My business is loss making. Does that mean it’s worth nothing?

For better or worse, many businesses in the economy are loss making – sometimes consistently and sometimes sporadically. We’re often asked by clients whether this means their business is worth nothing, and sometimes we’re asked (with some prompting about the underlying brand, intangibles or upside) whether such businesses have significant value. As with most matters, the answer will vary significantly. Herein we endeavour to unwrap this matter with reference to the typical questions and investigations we would take to discover the value of a loss making business.

What are the underlying assets?

Although a business may be loss-making (sometimes consistently so), some businesses hold underlying assets that hold value. Take for example a road transport business which owns trucks and trailers – such equipment is likely to have a value in itself which should be considered in the overall scheme of the business’ value. Further, consider a loss making software business – loss making as it consistently invests capital expenditure into building software that is likely to generate income in the future – such software may have value which should comprise some value for the business.

Is the loss making sustained or is profit-making likely to return?

Value, fundamentally, is the present value of future cash flows. In other words, value today is the price a hypothetical acquirer would pay, consistent with market value, to acquire the future cash proceeds that an asset is likely to produce. To this end, even if a business has been loss making for quite a while, if there is a clear path to profitability (not simply an ambitious target to be profitable or potential for same), such cash flows likely indicate that the business will have a value.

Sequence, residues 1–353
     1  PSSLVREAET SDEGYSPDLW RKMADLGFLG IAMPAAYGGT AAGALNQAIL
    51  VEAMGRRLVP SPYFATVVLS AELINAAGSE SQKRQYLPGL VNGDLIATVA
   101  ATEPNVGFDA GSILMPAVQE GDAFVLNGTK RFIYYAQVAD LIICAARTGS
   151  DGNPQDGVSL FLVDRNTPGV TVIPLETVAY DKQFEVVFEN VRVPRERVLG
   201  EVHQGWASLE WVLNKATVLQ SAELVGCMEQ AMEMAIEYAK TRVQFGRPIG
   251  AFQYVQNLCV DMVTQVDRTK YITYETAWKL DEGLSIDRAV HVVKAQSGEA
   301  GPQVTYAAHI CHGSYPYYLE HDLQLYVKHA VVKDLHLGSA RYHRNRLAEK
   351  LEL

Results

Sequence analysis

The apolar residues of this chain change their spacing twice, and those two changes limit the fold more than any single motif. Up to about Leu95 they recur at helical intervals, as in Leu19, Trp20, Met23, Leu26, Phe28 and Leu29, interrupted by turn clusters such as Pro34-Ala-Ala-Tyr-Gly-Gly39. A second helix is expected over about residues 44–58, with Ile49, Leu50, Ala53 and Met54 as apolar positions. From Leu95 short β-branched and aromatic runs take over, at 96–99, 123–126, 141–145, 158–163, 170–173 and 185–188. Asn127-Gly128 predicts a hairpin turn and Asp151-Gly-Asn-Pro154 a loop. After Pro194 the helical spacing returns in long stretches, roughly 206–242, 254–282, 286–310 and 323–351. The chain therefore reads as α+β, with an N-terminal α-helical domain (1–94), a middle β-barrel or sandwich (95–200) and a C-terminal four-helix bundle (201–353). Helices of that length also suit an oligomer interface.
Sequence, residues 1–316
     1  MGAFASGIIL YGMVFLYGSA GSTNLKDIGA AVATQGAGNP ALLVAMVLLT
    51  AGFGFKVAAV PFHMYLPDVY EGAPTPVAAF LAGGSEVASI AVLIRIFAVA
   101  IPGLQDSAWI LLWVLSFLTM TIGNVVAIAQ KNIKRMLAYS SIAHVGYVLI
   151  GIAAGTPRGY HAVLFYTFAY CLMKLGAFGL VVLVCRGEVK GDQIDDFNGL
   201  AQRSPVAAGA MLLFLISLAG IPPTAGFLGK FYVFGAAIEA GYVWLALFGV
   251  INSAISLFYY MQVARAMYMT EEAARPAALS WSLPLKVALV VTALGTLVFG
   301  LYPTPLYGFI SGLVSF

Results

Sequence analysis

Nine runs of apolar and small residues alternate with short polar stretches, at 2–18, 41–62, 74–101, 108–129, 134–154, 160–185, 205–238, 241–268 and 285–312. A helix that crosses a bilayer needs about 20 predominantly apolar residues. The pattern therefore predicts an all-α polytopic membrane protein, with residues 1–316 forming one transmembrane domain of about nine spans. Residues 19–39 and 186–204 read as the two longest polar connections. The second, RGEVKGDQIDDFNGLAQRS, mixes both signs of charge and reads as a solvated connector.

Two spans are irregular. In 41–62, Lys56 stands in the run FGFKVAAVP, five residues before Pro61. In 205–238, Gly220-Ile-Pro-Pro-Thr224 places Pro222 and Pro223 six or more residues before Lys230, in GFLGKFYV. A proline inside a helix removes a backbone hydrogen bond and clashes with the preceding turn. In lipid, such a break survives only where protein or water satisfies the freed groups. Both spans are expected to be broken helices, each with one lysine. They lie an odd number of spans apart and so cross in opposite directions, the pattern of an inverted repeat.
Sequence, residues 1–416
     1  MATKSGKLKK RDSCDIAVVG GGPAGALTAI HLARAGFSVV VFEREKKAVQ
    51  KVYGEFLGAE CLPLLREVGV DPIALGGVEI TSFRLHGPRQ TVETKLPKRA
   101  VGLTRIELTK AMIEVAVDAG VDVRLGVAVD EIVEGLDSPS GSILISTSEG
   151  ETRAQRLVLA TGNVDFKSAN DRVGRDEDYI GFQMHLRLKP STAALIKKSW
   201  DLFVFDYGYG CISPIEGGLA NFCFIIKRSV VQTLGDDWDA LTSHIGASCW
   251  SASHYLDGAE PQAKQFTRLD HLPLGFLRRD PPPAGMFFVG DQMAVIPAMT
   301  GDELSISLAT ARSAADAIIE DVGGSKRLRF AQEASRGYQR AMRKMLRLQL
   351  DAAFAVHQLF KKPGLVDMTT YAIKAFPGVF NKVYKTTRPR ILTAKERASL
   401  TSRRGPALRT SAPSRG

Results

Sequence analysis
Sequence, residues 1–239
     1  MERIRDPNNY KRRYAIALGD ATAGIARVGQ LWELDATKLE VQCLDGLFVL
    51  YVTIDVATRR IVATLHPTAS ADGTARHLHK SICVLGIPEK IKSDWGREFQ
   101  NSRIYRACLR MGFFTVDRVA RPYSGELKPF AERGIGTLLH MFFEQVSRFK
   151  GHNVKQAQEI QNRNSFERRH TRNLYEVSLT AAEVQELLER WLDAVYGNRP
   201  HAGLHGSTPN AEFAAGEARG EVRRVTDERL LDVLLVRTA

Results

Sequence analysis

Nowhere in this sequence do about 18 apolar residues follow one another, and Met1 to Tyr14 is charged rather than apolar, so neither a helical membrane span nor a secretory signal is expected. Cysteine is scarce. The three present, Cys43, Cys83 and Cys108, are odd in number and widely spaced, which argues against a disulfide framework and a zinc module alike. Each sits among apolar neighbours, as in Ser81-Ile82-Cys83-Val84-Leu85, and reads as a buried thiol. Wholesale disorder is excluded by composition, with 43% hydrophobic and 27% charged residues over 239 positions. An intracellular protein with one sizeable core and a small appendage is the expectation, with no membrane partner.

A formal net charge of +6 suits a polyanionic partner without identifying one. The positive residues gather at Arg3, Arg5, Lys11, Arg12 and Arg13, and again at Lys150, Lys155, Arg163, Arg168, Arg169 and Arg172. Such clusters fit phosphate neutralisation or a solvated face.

What if the business makes profit for its owner but is unlikely to be profitable if another person operated it?

Sometimes, specialist businesses like consulting or medical businesses may be profitable to their current owner, but won’t necessarily be profitable to another owner due to the skills, knowledge or relationships required to make money. How should these businesses be treated? For such businesses, a common argument put forwarded is that such businesses will be unable to be sold as the value lies with the owners skills, relationships and knowledge. However, from a pure valuation perspective, under the basis of market value, valuers are required to assume that in the hypothetical market, such assets can be transacted. In doing so, the value is typically constrained (often significantly) due to the relevant restrictions associated with hypothetically selling the subject business.

What if the business has no material asset holdings and no prospects?

Some businesses have no material asset holdings and minimal prospects. In such circumstances, the value of such businesses is typically very low. However it is important to investigate thoroughly these matters to accurately determine the appropriate value.

Find out more

Groves & Partners are expert business valuers, company valuers and share valuers. We have significant experience in undertaking business valuations for loss making, start-up and distressed companies.

Our team of business valuers includes Chartered Accountants, Registered Business Valuers and Certified Minority Interest Valuers. To find out more about our family law business valuation services please phone us on 1300 892 717 (+61 2 7208 7970) or email

Written by Stephen Groves